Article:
As you grew up you might have watched your parents wake up at the same time everyday and go through the same routine to make their way to “work”. People spend so much time at work and yet most are frustrated and unfulfilled. According to the 2013 Gallup Poll, State of The American Workplace, “70% of American workers are “not engaged” or “actively disengaged” and are emotionally disconnected from their workplaces and less likely to be productive.”
Being stressed and miserable from work has consequences on human well-being. For example, the word “karoshi” in Japan translates to mean “death by work”. This usually occurs in the form of stroke or heart attack. Additionally, the term “Karojisatsu” means work suicide. An interesting correlation pointed out in the peer reviewed journal Innovations in Clinical Neuroscience states; “Currently, Korea has the highest annual suicide rate in the world. It is noteworthy that the increasing suicide rate is directly correlated with the annual increase in Korea’s gross national product.”
Why go on living in such a miserable way which has a devastating impact on health and overall well-being?
The answer you’re probably thinking in your head right now as you read this is “money”, to make a living and pay the bills. People today are required to make money to live on this Earth if they want to meet their basic human needs and have some quality of life. In the current system, economists told us that more economic growth is the path to happiness and everyone believed it. People today have bought into the idea that education is about training to be “successful” and make a “living”; rather than learning to think critically and make a “life”. Most of us are afraid to follow our passion. What if it doesn’t work out and how can you make money to support a family as a painter? We all want security and as much money as possible in the hopes that will provide a good lifestyle which leads to happiness.
A thought-provoking quote is:
“If you say that getting the money is the most important thing, you will spend your life completely wasting your time. You’ll be doing things you don’t like doing in order to go on living, that is to go on doing things you don’t like doing. Better to have short life that is full of what you like doing than a long life spent in a miserable way.” ~ Alan Watts
It has been forgotten but education is meant to nurture a mind to meet its highest aspirations and be creative, not pursue the invention known as a “career”. The current economic system has its faults and can be very contradictory because it encourages growth and consumption at a compounding rate while we live on a finite planet. That’s only the start of the problem since the desire to increase the bottom line can encourage production of goods that are cheap, disposable, breakdown and made from materials that do not naturally return to nature. It’s a huge fundamental flaw that when coupled with booming population growth is a recipe for disaster.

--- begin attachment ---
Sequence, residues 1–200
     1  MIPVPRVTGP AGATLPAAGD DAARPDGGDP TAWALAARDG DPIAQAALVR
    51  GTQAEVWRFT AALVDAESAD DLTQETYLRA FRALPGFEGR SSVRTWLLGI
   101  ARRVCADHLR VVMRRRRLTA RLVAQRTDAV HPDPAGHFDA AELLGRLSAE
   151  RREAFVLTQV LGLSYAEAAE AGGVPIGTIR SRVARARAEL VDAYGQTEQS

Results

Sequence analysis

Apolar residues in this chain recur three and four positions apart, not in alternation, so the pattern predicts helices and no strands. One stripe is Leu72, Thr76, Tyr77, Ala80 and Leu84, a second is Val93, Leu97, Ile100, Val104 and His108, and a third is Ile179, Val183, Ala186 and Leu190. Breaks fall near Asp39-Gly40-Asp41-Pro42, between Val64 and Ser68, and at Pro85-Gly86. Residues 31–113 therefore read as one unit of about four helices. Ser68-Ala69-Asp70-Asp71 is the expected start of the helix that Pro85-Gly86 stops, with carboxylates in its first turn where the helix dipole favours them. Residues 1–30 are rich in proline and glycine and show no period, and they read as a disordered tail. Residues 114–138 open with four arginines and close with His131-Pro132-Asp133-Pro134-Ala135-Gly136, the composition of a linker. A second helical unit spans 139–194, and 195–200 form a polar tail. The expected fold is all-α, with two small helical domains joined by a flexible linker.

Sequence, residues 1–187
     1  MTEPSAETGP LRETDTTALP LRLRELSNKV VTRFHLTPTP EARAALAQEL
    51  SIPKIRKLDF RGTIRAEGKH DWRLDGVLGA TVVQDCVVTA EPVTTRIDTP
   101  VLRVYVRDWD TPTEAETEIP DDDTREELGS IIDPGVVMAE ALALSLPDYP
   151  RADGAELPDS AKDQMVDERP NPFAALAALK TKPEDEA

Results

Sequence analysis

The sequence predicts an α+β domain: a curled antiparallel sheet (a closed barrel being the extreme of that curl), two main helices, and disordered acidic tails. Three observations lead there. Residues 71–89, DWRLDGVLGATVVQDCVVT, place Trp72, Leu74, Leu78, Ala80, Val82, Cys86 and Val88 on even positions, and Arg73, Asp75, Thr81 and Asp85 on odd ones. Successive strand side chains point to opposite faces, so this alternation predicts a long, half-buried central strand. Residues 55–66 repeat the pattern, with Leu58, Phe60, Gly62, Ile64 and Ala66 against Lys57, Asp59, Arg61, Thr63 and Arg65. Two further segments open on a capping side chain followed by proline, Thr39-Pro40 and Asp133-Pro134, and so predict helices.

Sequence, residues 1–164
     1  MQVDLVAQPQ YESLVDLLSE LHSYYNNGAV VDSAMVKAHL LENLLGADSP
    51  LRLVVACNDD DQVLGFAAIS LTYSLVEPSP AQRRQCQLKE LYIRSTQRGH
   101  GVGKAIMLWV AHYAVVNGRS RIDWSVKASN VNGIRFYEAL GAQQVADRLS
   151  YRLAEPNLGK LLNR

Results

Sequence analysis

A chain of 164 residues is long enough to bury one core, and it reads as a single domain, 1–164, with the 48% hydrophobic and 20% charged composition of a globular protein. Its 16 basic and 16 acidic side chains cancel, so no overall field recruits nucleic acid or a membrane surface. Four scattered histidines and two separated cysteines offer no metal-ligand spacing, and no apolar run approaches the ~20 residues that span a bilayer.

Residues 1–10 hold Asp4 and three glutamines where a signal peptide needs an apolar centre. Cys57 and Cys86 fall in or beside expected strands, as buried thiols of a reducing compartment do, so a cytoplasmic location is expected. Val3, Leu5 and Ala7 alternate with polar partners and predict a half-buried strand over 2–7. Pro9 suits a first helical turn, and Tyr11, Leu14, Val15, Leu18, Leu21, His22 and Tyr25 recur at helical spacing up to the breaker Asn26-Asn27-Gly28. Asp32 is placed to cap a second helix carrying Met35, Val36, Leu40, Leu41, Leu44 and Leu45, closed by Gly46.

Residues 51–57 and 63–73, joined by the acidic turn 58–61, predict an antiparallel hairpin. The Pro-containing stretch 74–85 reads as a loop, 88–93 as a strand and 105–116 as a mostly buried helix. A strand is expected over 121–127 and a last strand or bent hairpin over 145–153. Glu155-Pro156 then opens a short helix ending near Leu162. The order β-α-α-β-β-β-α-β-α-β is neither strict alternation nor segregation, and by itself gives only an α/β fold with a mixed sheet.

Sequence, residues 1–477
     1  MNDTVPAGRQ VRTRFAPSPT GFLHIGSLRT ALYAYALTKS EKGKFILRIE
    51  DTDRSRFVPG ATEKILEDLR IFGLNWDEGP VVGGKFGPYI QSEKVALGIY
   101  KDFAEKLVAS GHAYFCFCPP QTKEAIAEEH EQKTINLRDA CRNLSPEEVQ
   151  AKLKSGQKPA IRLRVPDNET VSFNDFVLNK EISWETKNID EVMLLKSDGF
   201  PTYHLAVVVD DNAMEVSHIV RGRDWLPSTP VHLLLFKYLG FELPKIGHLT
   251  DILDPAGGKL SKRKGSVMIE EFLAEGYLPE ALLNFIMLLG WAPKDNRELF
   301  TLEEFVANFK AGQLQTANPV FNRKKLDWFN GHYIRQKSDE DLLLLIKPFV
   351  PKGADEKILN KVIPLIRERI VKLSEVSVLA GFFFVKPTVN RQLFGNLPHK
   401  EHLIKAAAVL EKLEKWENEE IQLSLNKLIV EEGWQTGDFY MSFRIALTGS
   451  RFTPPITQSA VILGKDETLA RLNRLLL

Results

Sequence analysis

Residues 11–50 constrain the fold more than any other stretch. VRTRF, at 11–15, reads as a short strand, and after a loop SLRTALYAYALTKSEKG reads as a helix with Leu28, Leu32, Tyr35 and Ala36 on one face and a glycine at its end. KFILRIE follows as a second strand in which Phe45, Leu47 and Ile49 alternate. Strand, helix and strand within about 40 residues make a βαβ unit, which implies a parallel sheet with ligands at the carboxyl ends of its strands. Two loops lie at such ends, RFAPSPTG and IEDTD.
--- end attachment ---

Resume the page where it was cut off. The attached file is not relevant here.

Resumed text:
The tides are shifting today and people are waking up. According to the 2013 World Happiness Report, “More recently, the non-economists have begun successfully pushing back. Man never did live by bread alone, and we have learned — painfully— that too focused a pursuit of bread leads not only to obesity but also to a starvation of other human needs, including social connections, psychological balance, and virtue.”
The oldest argument in the book by those who support the money system is that it creates motivation among people. This is simply a false and misguided thought.
This video reviews studies by MIT, Carnegie Mellon & the University of Michigan: “Drive: The Surprising Truth About What Motivates Us”
A mental shift in values is occurring as we speak which supports exactly what the above video states.
As priorities are being redefined today people are looking for something more in their lives than a mundane routine job doing something they hate only to make money. They want purpose, fulfillment and to make a difference. This is especially true for the younger generation known as the millennials, aka generation Y. New research shows that the mentalities are shifting and financial security is no longer the top priority for millennials.
As the first generation to grow up in a society of eco-consciousness, millennials, those born between 1980 and 2000, are less interested in financial gain than their parents, and more concerned with fulfillment. They don’t just want a “job”, they want to explore their passions. The study also shows that they want to feel their work has a strong economic social purpose. World renowned author, Jeremy Rifkin, states it is time for humanity to move from a focus on financial capital to social capital. Social capital is the development and improvement of well-being and quality of life. This is what’s being realize as most important today. We highly recommend giving his new book “Zero Marginal Cost Society: The Internet of Things, The Collaborative Commons, and the Collapse of Capitalism” a read.
Are the millennials the ones who will save us all and make the world a better place? An article that made the cover of Time Magazine seems to think so.
Billy Parish and Dev Aujla took on the task to find out how to succeed and make a positive difference in the world. We all know the linear path to become a doctor or lawyer but what is that path to being a change-maker and finding fulfillment in life? One of the best books I’ve personally read offers real success stores and great advice on just that.
The book is called Making Good and is worth your time. It will inspire you.[google-translator]